Laura Streminsky, a sophomore biology major on the pre-med and pre-PA track, and an ethical vegan, found herself dismayed when she discovered that she would have to perform an animal dissection on a rat and a worm for her BIO 204 course.
Streminsky reached out to her graduate TA, Cecilia Yan, with her concerns: as an ethical vegan and animal rights activist, Streminsky told Yan that she does not feel comfortable dissecting any kind of animal.
It was not until Yan directed Streminsky to her professor that conflict arose.
“I thought there were laws in place that would let me get out of it. So I didn’t think that it would be such a big deal,” Streminsky said.
Streminsky emailed Professor Marvin O’Neal of the biology department during a correspondence that began on Sept. 13, stating that she would be sitting out of the animal dissection lab. She inquired about possible alternatives. Streminsky forwarded the email exchange to The Statesman.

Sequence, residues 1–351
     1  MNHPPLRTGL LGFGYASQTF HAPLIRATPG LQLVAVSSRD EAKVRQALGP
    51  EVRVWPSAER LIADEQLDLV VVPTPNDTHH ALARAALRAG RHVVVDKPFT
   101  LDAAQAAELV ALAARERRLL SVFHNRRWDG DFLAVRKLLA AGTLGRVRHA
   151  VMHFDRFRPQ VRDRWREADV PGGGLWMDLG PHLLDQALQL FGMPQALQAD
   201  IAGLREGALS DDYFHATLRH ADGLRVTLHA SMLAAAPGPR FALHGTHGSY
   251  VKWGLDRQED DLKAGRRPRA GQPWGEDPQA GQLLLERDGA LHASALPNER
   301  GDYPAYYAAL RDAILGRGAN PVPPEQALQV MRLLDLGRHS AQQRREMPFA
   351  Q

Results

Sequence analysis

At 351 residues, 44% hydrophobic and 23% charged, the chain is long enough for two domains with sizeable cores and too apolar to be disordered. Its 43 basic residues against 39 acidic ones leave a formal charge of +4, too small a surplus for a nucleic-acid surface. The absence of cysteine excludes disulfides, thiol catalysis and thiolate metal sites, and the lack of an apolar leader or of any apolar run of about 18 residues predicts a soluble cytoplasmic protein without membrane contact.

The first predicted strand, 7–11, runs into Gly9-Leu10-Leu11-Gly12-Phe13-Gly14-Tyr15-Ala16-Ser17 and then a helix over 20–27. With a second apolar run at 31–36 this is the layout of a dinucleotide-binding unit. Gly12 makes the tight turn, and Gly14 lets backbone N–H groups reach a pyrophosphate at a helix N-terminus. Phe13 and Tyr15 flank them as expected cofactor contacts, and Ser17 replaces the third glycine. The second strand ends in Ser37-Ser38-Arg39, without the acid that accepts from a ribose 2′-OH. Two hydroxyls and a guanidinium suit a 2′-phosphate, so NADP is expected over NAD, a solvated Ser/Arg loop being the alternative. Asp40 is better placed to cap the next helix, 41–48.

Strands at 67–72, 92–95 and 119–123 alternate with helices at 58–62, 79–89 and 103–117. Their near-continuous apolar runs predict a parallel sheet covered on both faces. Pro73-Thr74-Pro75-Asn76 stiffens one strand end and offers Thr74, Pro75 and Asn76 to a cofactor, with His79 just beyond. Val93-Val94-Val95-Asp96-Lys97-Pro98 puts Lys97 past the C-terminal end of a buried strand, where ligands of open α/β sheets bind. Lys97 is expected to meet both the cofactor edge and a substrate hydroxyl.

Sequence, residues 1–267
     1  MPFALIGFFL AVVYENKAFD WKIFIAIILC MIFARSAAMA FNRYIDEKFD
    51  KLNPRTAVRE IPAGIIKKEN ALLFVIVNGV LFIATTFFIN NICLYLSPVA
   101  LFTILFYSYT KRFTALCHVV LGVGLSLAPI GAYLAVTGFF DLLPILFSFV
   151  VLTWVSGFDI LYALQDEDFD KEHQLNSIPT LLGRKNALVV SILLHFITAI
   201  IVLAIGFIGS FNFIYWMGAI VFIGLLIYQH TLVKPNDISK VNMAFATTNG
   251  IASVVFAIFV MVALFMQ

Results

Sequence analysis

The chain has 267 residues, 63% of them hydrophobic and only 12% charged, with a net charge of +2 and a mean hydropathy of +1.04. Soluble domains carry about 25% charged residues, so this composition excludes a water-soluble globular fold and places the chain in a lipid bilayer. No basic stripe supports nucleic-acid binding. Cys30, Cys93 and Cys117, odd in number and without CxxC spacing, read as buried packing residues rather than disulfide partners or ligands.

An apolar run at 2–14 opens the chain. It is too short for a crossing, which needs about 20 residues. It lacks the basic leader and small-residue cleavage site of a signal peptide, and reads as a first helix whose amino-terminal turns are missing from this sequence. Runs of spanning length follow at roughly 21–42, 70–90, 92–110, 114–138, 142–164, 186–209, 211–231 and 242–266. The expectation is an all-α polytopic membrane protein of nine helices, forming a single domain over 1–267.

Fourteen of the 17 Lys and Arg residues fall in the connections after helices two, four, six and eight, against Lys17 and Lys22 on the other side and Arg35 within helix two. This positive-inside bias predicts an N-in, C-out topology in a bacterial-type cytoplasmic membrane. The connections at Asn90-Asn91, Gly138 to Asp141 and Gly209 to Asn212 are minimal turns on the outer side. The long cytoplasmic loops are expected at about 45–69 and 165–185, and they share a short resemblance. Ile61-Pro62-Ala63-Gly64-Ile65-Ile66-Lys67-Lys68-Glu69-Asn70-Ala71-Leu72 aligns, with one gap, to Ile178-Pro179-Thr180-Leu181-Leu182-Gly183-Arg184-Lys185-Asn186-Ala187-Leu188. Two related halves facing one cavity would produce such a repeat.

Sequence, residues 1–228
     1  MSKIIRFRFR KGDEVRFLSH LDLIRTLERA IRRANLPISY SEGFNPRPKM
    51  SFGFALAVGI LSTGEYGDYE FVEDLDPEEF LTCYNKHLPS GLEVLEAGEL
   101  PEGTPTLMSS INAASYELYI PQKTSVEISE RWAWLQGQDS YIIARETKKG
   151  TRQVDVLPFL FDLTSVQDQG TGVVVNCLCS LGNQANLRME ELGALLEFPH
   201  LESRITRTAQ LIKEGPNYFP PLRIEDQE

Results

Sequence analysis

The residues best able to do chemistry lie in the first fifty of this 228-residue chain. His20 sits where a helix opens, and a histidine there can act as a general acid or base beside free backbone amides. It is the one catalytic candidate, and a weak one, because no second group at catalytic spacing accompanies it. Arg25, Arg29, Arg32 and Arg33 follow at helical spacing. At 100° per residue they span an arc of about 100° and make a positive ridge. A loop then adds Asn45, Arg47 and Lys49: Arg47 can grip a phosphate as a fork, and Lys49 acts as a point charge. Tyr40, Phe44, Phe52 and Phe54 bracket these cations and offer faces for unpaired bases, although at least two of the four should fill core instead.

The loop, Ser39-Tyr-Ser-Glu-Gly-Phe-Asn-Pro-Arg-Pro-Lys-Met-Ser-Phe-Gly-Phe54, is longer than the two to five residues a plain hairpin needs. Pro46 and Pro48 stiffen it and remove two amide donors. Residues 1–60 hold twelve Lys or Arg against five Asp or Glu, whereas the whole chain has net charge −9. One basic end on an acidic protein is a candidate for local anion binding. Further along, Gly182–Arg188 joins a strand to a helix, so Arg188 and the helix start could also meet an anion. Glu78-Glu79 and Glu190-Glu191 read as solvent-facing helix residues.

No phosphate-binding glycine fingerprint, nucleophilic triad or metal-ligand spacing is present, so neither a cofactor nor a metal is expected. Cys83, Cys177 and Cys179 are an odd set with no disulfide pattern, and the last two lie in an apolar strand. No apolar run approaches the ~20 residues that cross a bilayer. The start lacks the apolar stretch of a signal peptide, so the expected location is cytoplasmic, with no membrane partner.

“I very adamantly oppose the exploitation of animals in lab in any capacity, so can I please do an alternative assignment for the portions of the labs where students use isopods as well?” Streminksy wrote in her email to O’Neal. “Will my grade be impacted by my refusal to use animals?”
O’Neal responded with an email containing the following paragraph, with the word “extremism” above it: “Any range of positions across any topic, have extremes; that is, viewpoints at the ends (extremes) of that spectrum. In your email, there were several positions at the extreme of the animal use spectrum. Most people hold a different view, one that would balance the loss of life with the benefits to humans.”
O’Neal explained within this email that many people would disagree with Streminsky’s beliefs, just as many people would disagree with the torture of animals.
O’Neal also asked Streminsky to reconsider her stance on animal rights and veganism and expressed concern over how her views would impact other students in the course.